Strange story about an English teacher from Chicago teaching in a small town called Pine Top, NM. Sad woman, but figures out how to live in spite of her unhappiness.
Feb 26, 2012 Deidre rated it did not like it
She simply cannot write a novel. How can such a great short story write be so bad at writing a novel! I resented giving her a star for this one.
Jun 14, 2011 Alexia rated it it was ok
Meh...I only finished it due to the "mystery" aspect of it. The main character was horribly unlikable.
Suanne Laqueur
May 05, 2016 Suanne Laqueur rated it it was ok
All the reviews touted Nelson as such a humorous writer, but I didn’t find the book particularly funny, nor did I find Birdy that likable.

I finished it, but only half-heartedly. Meh.
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Jan 14, 2012
Dec 30, 2008 Donna added it
This was the first book I read by Nelson and it made me eager to read more.
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Oct 04, 2013
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Apr 11, 2008
Chicklit rated it really liked it
Jun 27, 2007
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Feb 08, 2009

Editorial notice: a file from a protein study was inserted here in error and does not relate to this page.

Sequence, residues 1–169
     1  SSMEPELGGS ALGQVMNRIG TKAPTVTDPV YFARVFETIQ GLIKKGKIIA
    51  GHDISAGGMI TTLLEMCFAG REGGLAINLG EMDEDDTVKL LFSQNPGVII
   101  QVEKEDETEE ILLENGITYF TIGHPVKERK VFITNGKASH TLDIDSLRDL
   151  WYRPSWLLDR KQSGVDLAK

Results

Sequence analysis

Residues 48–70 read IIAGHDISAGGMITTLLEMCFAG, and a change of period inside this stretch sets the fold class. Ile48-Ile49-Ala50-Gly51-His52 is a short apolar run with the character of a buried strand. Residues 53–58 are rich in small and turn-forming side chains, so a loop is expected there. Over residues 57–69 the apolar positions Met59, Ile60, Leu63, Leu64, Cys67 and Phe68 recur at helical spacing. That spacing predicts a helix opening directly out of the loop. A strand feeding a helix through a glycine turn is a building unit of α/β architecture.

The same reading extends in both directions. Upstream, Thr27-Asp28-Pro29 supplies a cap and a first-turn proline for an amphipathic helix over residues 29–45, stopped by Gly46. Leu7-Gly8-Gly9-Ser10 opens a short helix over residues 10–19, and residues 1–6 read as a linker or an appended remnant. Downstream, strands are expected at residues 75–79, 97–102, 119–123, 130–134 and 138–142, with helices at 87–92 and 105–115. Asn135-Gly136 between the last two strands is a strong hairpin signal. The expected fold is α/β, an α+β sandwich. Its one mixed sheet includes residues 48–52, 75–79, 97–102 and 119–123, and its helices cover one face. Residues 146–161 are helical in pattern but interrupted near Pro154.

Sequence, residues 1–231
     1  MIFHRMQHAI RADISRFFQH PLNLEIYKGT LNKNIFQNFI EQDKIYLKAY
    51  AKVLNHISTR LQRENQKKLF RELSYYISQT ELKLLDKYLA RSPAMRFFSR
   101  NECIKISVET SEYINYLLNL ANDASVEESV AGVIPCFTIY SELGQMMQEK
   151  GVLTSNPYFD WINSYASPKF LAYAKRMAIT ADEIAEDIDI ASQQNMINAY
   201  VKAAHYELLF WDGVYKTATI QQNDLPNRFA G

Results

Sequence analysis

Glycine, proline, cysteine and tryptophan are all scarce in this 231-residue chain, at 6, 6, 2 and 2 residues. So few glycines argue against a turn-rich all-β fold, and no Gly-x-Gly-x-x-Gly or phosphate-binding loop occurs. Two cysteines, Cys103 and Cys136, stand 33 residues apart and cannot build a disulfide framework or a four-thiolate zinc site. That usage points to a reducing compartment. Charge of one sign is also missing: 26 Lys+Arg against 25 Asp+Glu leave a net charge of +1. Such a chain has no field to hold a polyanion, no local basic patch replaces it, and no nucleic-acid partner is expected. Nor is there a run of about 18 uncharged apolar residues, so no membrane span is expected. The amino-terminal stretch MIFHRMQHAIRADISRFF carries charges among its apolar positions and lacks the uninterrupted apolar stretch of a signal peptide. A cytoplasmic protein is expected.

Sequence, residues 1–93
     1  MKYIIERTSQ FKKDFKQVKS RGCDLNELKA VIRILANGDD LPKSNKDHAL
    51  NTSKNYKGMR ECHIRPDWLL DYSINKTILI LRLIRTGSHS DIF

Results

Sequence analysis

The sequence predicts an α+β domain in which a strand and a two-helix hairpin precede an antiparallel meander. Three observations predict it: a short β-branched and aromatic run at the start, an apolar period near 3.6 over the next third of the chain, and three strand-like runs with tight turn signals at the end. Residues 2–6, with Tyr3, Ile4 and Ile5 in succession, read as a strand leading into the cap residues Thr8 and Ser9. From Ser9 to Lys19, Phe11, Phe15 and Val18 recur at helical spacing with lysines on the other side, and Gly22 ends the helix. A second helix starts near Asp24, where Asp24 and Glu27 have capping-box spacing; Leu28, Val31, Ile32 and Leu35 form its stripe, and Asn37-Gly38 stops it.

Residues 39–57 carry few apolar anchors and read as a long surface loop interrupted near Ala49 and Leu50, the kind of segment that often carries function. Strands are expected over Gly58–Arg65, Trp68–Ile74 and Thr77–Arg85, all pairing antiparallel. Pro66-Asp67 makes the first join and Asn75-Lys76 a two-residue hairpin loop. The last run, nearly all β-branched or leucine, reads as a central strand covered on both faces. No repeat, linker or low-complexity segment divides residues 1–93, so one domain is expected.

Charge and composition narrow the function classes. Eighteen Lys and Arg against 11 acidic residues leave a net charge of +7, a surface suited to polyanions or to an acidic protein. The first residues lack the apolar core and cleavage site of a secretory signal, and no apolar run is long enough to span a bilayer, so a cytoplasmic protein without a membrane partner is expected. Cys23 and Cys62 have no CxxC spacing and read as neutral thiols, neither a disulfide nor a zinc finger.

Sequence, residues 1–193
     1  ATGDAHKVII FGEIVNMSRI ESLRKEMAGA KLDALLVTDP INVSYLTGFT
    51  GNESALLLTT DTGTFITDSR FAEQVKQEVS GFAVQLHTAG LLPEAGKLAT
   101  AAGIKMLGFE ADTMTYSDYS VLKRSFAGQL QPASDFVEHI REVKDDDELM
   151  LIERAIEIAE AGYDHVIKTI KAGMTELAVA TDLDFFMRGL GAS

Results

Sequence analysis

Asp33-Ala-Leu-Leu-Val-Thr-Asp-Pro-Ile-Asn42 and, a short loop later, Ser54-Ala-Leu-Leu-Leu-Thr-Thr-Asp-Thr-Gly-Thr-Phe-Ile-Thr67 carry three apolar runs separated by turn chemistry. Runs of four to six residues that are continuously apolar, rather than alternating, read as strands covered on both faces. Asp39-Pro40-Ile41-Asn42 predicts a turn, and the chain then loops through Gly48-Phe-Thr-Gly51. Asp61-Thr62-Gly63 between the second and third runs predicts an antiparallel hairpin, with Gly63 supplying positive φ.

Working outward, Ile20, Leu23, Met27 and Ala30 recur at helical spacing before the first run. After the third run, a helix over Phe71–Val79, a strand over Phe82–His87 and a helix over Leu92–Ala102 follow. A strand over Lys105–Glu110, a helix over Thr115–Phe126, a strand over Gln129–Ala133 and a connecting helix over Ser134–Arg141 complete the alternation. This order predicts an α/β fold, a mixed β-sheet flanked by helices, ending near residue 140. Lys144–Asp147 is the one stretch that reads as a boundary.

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Adrian Stumpp rated it liked it
Nov 29, 2007
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Mar 31, 2012
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Rachelle Pulkkila rated it it was amazing
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Antonya Nelson is the author of nine books of fiction, including Nothing Right and the novels Talking in Bed, Nobody’s Girl, and Living to Tell. Nelson’s work has appeared in the New Yorker, Esquire, Harper’s, Redbook, and many other magazines, as well as in anthologies such as Prize Stories: The O. Henry Awards and The Best American Short Stories. She has received a Guggenheim Fellowship, an NEA ...more
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“Birdy never felt artistic inclination when armed with a marking implement. What came to her were words, always words, commentary and criticism and correction and simple vocabulary curios; she scratched a few of them on the smooth red wall.” 2 likes